When efficiency is used as the only driving force, there is no consideration for the big picture or the long game – why do we do what we do? Efficiency in itself is not a bad thing. Efficiency is simply a tool. In fact, it can be a great tool when used correctly – but you need to apply it to the right things. There is no use in trying to make an organisation’s processes more efficient if those processes are ineffective to begin with.
Let’s say you’re running an emergency department. Time and time again, people slip on the floor as soon as they step through the door. You carefully plan and implement a triage system for those injured to be treated as efficiently as possible. The triage might be very efficient – but it won’t be effective if more people keep slipping on the wet floor and getting hurt as a result. What’s more, the triage would be taking up staff and resources from other crucial tasks. Making the triage more efficient would be a prime example of doing things right – but not doing the right things.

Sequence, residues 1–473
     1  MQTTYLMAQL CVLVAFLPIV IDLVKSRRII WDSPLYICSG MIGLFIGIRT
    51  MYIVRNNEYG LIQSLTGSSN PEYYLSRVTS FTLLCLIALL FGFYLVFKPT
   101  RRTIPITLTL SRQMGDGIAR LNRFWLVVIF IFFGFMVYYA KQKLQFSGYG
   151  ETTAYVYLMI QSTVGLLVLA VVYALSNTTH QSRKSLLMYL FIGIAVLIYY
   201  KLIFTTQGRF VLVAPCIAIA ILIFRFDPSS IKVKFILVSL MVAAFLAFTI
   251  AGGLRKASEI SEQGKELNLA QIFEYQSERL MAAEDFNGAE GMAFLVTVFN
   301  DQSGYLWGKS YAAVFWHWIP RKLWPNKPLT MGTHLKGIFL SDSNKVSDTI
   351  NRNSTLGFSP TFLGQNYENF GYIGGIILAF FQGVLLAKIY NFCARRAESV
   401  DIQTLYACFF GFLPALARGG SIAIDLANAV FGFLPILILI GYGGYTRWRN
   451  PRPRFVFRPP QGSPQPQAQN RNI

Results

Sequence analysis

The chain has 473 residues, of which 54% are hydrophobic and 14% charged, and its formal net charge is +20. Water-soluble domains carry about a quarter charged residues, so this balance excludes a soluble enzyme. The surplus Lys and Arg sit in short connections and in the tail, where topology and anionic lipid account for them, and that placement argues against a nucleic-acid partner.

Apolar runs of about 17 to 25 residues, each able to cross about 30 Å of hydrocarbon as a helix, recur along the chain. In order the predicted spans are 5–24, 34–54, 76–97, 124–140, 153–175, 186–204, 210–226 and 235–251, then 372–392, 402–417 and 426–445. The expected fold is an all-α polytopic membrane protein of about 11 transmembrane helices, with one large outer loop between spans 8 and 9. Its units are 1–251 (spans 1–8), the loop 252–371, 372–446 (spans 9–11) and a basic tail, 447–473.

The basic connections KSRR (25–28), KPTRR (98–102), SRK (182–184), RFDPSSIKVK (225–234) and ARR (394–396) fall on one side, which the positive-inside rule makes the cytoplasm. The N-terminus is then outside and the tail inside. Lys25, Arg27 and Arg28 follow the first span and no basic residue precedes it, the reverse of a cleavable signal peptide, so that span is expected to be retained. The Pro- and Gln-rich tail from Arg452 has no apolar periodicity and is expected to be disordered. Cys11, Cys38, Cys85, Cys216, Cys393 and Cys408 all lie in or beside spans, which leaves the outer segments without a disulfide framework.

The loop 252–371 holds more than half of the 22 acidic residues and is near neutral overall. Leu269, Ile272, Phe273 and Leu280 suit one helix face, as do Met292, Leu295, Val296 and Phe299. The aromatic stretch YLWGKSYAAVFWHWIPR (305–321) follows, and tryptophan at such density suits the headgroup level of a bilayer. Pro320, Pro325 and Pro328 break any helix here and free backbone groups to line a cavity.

Instead of focusing on the falls, a better way may be to examine why the floor is persistently wet, and acting on the cause of the water, instead of building systems to treat the outcomes of the falls. This would prevent people from getting injured in the first place, saving money and resources. This would also enable you to invest in making other critical services more efficient. In other words, you could focus on doing the right things the right way.